Chandlery November 2012 Issue

Practical Sailor Editors’ Holiday Wishlist

Tested and approved: Hand-picked gift ideas for every sailor on your list.

The holiday gift-giving season has arrived! And this year, instead of offering our usual rundown of nautical gift ideas, we asked our editors and writers to sort through the hundreds of products we’ve tested and find the sailing goodies they’d most like to unwrap this holiday. Here’s the crew’s holiday wishlist:

Practical Sailor Editor Darrell Nicholson, a long-time cruiser and marine journalist, topped his wishlist with Nigel Calder’s must-have sailing book, the “Boatowner’s Mechanical and Electrical Manual.” Nicholson reiterated PS’s January 2004 review of the book: “You wouldn’t want to own only a single book to help you assess and maintain your boat gear, but if you had to choose just one, this would be it.” The manual covers everything from diesels to rigging, from refrigeration to windvanes, and from through-hulls to winches. It’s available for $35 from PS’s online bookstore,

Nicholson—ever vigilant about protecting his skin from the Florida sun—also wished for the Columbia Optimus Half-zip shirt. The Optimus (PS, October 2010) is made of a quick-dry, moisture-wicking fabric that offers a UPF of 30. Testers said the lightweight, breathable shirt is a good choice for a top or base layer. Nicholson particularly liked that it has a media pocket on the arm that can accommodate his iPod. The Optimus retails for about $25 online. (Columbia Sportswear, 800/622-6953,

If you really want to impress a giftee, Nicholson suggested the $385 Magma Catalina, our Best Choice boat grill (PS, May 2008 and June 2006). The rectangular, propane grill is constructed of mirror-polished stainless steel, and its fractional grill face is easy to clean. The Catalina boasts a warming rack and 315 square inches of grill space. It comes with a one-year warranty and is available online. (Magma, 562/627-0500,

PS Technical Editor Ralph Naranjo, a widely known marine electronics and safety equipment aficionado, topped his list with the $170 Standard Horizon GX1600 fixed VHF. Naranjo said its appealing features include its compact size, convenient operation, price, and minimum extraneous bells and whistles. Recommended in our June 2012 VHF test, the submersible (IPX8) Explorer GX1600 is Standard Horizon’s basic mid-level VHF radio. Its metal housing extends back just 2.5 inches from the front panel, but it has a large display screen, will display a compass rose when connected to a GPS, and can be mated with a RAM3 mic to create an intercom system. (Standard Horizon, 714/827-7600,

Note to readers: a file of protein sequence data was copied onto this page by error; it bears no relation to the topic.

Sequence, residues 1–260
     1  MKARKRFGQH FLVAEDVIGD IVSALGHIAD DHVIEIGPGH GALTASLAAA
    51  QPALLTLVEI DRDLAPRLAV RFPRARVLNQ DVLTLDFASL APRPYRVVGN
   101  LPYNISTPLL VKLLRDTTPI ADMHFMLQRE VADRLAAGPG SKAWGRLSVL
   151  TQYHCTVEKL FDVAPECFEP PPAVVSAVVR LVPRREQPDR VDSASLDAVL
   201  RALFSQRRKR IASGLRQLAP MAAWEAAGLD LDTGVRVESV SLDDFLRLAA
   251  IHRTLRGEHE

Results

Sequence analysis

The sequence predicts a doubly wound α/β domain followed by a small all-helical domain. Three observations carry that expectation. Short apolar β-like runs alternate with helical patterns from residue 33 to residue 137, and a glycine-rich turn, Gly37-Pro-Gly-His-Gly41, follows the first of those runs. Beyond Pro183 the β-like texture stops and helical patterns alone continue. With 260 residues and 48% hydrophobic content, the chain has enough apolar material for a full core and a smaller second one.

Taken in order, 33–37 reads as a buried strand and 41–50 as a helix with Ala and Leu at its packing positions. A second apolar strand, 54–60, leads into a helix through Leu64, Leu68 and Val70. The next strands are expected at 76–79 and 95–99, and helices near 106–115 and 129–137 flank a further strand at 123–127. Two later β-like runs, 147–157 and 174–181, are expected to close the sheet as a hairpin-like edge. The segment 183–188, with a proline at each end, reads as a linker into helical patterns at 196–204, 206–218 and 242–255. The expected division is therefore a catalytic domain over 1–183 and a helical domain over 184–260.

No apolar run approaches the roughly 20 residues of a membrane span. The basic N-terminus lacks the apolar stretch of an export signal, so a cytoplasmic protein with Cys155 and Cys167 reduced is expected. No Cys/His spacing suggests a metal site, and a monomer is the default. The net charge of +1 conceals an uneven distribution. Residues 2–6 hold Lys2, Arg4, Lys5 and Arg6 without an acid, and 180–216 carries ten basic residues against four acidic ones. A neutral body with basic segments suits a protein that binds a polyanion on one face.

Ryobi’s P712 portable vacuum also made Naranjo’s wishlist. The 18-volt battery-operated vacuum was testers’ pick for an affordable hand vac in our March 2011 test. While it’s not a wet/dry vac, it was one of the test’s top performers and would be a great, affordable choice for cleaning up smaller onboard messes. It retails for $25 online and at Home Depot, and it comes with a three-year warranty. (Ryobi, 800/525-2579,


Rounding out Naranjo’s wishes was a pair of Keen Venice H2 sailing sandals. The Keen Venice H2 was our top pick in our July 2010 test, and editors tapped them as Gear of the Year in the September 2010 issue for their excellent performance in traction testing, comfortable fit—wet or dry—and excellent foot protection, thanks to their large toe bumper and adjustable fit. Their hybrid design make them great for wearing on board, on the trail, or just wandering through town. They retail for $90, but some styles/colors can be found for about $50. (Keen, 866/676-5336,


PS tester Frank Lanier, who steals away aboard his Union 36 at every opportunity, said he’d like his stocking stuffed with a few cruising items: the 4.5-liter Thermos Shuttle Chef thermal cooker (PS, September 2012) and J.R. Liggett’s Old-Fashioned Ultra Balanced Shampoo Bar with the eZ-Pouch (PS, June 2012).

Thermal cookers are great galley tools for single- and short-handed crews who need to be able to cook a meal while underway without having to constantly tend to it and who want to use minimum cooking fuel or power. Contents are heated up to boiling, and then placed in a vacuum flask, where the trapped heat cooks them slowly. You can find the Shuttle Chef for $180-$195 online at Galtak Houseware ( and Forum Appliances ( (Thermos, 847/439-7821,